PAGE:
As Christian leaders that minister to kids and families, we can’t ignore the transgender revolution, hoping that we will never have to be personally involved. But as we look at Scripture, we see that Jesus didn’t walk away from the messiness of a world broken by sin. He walked right into the middle of it and met people where they were. offering hope, help and healing.

The quick thing to do is paint a broad stroke with cries of “sinful” or “against nature” or “perversion.” It’s especially easy when you’re simply typing words on a computer or posting on social media. But when you interact face-to-face with families who are trying to navigate with their child who says he or she is transgender, it becomes very real and your words of condemnation slow down very quickly.

So, how should we respond? As I began to personally journey with families whose children are struggling with being transgender, I went searching for answers. One of the best resources that I found was the book “Understanding Gender Dysphoria: Navigating Transgender Issues in a Changing Culture” by Dr. Mark Yarhouse. Mark is the Hughes Endowed Chair and Professor of Psychology at Regent University and is one of the leading Christian voices in transgender issues.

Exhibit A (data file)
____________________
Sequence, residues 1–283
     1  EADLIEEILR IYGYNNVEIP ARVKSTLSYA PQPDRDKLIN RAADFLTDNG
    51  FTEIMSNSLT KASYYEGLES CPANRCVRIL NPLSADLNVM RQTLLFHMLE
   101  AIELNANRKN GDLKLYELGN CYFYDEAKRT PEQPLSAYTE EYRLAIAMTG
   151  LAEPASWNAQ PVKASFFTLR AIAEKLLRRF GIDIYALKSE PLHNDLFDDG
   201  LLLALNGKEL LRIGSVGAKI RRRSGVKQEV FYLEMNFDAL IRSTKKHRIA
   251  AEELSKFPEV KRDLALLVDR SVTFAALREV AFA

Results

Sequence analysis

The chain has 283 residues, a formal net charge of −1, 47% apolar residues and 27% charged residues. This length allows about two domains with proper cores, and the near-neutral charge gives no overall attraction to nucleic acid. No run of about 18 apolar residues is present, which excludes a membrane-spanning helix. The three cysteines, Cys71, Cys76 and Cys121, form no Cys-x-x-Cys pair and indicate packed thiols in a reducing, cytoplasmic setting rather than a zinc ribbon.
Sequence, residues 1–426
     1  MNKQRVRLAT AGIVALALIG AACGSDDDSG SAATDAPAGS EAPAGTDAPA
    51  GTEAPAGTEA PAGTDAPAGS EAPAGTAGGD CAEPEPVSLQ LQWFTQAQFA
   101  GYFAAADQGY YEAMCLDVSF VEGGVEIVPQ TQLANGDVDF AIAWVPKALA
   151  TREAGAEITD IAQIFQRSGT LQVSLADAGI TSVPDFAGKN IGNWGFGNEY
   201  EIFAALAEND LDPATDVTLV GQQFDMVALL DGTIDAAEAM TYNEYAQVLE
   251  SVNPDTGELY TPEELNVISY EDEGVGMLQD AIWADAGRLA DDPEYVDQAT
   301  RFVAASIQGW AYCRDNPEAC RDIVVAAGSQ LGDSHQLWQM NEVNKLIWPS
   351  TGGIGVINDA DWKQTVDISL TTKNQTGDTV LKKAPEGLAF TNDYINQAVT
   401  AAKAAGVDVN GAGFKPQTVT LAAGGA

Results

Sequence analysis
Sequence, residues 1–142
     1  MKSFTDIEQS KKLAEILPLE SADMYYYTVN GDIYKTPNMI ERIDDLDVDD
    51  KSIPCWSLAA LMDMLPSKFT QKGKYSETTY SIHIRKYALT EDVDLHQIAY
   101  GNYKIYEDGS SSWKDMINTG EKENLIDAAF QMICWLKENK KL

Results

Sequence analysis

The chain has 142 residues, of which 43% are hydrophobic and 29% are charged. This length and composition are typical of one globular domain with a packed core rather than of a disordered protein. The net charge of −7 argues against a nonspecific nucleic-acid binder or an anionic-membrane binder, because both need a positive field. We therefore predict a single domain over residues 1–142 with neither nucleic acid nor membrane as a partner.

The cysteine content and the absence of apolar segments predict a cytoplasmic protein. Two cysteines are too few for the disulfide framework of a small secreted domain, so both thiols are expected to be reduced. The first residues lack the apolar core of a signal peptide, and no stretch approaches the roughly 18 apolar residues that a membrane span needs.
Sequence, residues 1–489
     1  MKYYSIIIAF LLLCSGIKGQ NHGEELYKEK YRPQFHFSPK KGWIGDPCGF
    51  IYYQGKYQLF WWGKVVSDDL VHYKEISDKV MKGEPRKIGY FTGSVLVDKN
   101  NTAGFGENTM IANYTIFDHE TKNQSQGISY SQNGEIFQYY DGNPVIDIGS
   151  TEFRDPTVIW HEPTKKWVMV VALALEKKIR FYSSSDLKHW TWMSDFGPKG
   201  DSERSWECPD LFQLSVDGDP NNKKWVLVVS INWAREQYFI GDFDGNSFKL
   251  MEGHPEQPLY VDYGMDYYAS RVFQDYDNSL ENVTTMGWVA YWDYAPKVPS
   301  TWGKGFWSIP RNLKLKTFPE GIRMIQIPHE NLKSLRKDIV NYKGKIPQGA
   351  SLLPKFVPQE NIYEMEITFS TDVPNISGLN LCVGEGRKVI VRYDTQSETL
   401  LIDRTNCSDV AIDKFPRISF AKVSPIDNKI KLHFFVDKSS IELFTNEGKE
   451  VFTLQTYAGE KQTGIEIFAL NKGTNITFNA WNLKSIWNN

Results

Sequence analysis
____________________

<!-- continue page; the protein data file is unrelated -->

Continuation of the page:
In the book, Mark helps define terms, which is where we must start.

Transgender – an umbrella term for the many ways people experience a mismatch between their gender identity and their biological sex.

Gender identity – how people experience themselves as male or female, including how masculine or feminine they feel.

So how should we respond as Christian leaders who minister to children and families? Mark identifies three lens we can look through when it comes to transgender identity.

Lens #1 – The Integrity Lens
This lens draws a hard line based on Biblical passages. It approaches the issue emphatically using passages such as Genesis 2:21-24.